Nearly three weeks ago, the Pittsburgh Pirates guaranteed themselves of becoming the first major North American pro sports team to endure 17 consecutive losing seasons. Then it got worse.

The Pirates dragged themselves into the final 10 days of the season Friday with 23 losses in 26 games before beating the first-place Dodgers 3-1, a remarkably bad streak even for a team that is redefining the term perennial loser.

No Pirates team had gone through a late-season stretch of losing like this since 1890, when the Pittsburg Alleghenies went 3-35 to conclude a 23-113 season. That team was so bad, it changed not only its nickname but was able to alter its first name, too, when Pittsburgh added its 'h.'

Even by the Pirates' standards of underachievement this has been a dismal, disheartening and gloomy way to end what is likely to be only their third 100-loss season in 55 years. They must win six of their final 10 to avoid it.

"We're just not winning. There's nothing much to say," outfielder Lastings Milledge said. "We come to the park and, I think, we prepare ourselves better than anybody in the big leagues. It's just not there right now."

There's no break the rest of the way, either.

The Dodgers still own the NL's best record and an opportunity to clinch a playoff spot and the NL West while in Pittsburgh. After that, the Pirates play three each against the Cubs, who have won nine of 11 from them, and the Reds, who are 11-4 against them with eight consecutive victories.

Perhaps the only upside for a team renowned for its stinginess with the dollar _ its current roster is making about $20 million _ is that nobody is making a late-season salary drive.

Team president Frank Coonelly and general manager Neal Huntington are using words such as aggravating, frustrating and disappointing to describe what's happening. Manager John Russell says, simply, "It's no fun. Nobody likes to lose. Nobody here, the staff or the players, enjoys this one bit."

At least there haven't been many eyewitnesses. A just-concluded three-game series against the Reds drew only about 12,000 fans, although the official attendance that includes season-ticket holders was much higher.

All this losing, and apathy, stands out in a town where the Steelers won the Super Bowl and the Penguins won the Stanley Cup earlier this year. Those teams are likely to keep playing before sold-out houses for years to come.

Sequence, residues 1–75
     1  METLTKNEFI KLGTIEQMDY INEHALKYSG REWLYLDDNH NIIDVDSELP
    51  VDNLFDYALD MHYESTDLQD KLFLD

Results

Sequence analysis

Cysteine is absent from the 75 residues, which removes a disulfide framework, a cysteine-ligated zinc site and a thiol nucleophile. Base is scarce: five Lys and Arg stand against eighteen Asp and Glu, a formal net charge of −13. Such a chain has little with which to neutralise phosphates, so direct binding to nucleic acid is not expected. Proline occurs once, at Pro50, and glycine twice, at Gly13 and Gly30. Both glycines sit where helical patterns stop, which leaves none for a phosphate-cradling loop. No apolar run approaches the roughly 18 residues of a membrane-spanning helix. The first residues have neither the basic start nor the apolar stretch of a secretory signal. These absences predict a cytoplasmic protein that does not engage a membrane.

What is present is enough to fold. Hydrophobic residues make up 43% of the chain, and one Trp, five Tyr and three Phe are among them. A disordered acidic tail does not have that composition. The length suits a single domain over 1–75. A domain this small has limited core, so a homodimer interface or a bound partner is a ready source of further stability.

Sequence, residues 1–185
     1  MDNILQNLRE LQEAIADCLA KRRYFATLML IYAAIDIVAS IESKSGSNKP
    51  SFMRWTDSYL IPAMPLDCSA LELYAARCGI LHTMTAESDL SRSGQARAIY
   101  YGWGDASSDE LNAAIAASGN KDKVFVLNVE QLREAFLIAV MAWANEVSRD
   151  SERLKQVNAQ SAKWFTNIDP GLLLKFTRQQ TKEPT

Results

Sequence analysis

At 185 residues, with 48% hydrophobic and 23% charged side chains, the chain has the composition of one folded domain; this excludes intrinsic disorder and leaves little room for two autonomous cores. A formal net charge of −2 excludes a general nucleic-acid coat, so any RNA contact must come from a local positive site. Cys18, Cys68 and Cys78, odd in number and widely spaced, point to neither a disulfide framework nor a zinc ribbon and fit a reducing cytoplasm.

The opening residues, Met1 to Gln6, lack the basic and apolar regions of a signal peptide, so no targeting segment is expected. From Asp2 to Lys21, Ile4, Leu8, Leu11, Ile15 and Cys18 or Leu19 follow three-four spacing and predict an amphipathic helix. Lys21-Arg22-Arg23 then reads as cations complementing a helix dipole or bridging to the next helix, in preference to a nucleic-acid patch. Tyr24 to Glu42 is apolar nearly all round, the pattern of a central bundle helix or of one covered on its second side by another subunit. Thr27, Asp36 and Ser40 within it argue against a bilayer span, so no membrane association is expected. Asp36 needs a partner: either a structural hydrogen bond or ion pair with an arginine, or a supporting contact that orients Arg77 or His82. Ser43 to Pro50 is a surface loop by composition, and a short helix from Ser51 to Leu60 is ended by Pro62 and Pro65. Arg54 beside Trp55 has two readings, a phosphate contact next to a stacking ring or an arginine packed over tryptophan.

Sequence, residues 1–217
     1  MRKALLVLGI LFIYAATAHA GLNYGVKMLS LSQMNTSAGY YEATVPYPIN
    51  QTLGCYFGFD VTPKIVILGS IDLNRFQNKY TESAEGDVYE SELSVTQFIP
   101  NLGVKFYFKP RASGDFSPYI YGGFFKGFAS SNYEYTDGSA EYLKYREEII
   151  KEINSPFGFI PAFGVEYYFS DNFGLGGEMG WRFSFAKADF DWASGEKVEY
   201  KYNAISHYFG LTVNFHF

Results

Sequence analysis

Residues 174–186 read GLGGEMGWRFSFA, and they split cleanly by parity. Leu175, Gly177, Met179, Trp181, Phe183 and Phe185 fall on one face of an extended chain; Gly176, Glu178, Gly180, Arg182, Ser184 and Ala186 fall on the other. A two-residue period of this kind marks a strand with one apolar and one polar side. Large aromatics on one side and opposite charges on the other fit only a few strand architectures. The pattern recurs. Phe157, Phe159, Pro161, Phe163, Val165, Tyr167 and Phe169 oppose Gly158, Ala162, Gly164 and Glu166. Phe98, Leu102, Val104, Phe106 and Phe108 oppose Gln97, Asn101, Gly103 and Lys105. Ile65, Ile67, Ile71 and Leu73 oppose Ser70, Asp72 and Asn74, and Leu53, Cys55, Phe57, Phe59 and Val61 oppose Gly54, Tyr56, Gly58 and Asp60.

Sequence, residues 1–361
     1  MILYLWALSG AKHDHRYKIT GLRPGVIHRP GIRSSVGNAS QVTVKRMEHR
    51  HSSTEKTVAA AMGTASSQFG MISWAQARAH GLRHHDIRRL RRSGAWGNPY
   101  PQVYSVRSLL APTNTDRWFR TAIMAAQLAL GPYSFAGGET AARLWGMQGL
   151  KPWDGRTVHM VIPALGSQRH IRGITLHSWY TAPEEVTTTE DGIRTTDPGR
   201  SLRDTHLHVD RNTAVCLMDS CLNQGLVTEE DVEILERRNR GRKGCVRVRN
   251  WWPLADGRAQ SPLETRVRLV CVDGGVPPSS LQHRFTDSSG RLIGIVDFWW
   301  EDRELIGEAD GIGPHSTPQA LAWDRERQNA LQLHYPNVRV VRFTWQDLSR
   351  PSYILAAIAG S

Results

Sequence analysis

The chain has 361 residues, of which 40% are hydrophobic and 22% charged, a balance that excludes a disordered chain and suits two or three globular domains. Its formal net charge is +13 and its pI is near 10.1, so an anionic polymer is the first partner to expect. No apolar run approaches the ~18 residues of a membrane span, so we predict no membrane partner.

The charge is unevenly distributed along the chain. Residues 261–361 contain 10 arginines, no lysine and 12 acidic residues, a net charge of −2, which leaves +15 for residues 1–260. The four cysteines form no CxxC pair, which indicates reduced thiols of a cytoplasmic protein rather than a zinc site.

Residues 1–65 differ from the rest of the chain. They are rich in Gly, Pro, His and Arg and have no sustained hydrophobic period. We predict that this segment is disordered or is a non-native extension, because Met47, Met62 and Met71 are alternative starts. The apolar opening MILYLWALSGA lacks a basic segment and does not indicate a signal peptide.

The Pirates insist all the prospects they've acquired by dealing Jason Bay, Xavier Nady, Damaso Marte, Freddy Sanchez, Nate McLouth, Jack Wilson, Adam LaRoche, Nyjer Morgan, John Grabow, Ian Snell, Tom Gorzelanny and Sean Burnett since July 2008 will yield teams that will contend for years. So far, there's nothing to suggest that's ready to happen.

After dealing Bay, Nady and Marte last year, the Pirates lost 41 of their final 60. This season, they are 13-37 since the July 31 deadline for trading without waivers.

"It's not acceptable, we don't want to accept losing," Russell said. "We've made it very clear all year: Guys are getting opportunities and we've got some good talent coming and we'll search the free-agent market. The guys who were given opportunities, some have taken advantage of it and some of them aren't quite ready for it."

The Pirates have had only two breakthrough position players, neither of whom was added in a trade. Rookie center fielder Andrew McCutchen (.278, 12 homers, 52 RBIs) was drafted by their previous regime, and rookie outfielder-first baseman Garrett Jones (.302, 20 HRs, 42 RBIs) signed as a minor league free agent.

Many of the players added in the trades have disappointed, not coming close to matching the numbers of the players for whom they were dealt. No Bays in this bunch.

Third baseman Andy LaRoche (.249, nine HRs, 52 RBIs) and outfielder Brandon Moss (.242, seven HRs, 39 RBIs) have shown little power. Reliever Craig Hansen pitched in only five games before it was discovered he has a nerve problem that threatens his career. Jeff Karstens (3-5, 5.45 ERA) couldn't keep his spot in the rotation. Charlie Morton is 4-9 since moving into the rotation, Kevin Hart is 1-7 after going 3-1 with the Cubs.

Their best pickup has been right-hander Ross Ohlendorf (11-10, 3.92 ERA), a good pitcher on a remarkably bad team, but he won't pitch again this season because he's thrown 176 2-3 innings.

Milledge hasn't disappointed since being acquired from the Nationals and despite management's unhappiness with what's happening on the field, he sees hope for the future. The Pirates might be young and undermanned, but he is certain they haven't quit.

"I think for one thing, we don't want to go through this (again)," he said. "Losing is never good. At the same time, knowing how to deal with failure is a big thing, just knowing how to back yourself off the wall. I think a lot of guys in here know how to come off the wall, and I don't think a lot of people can say that. I think we're taking it head on."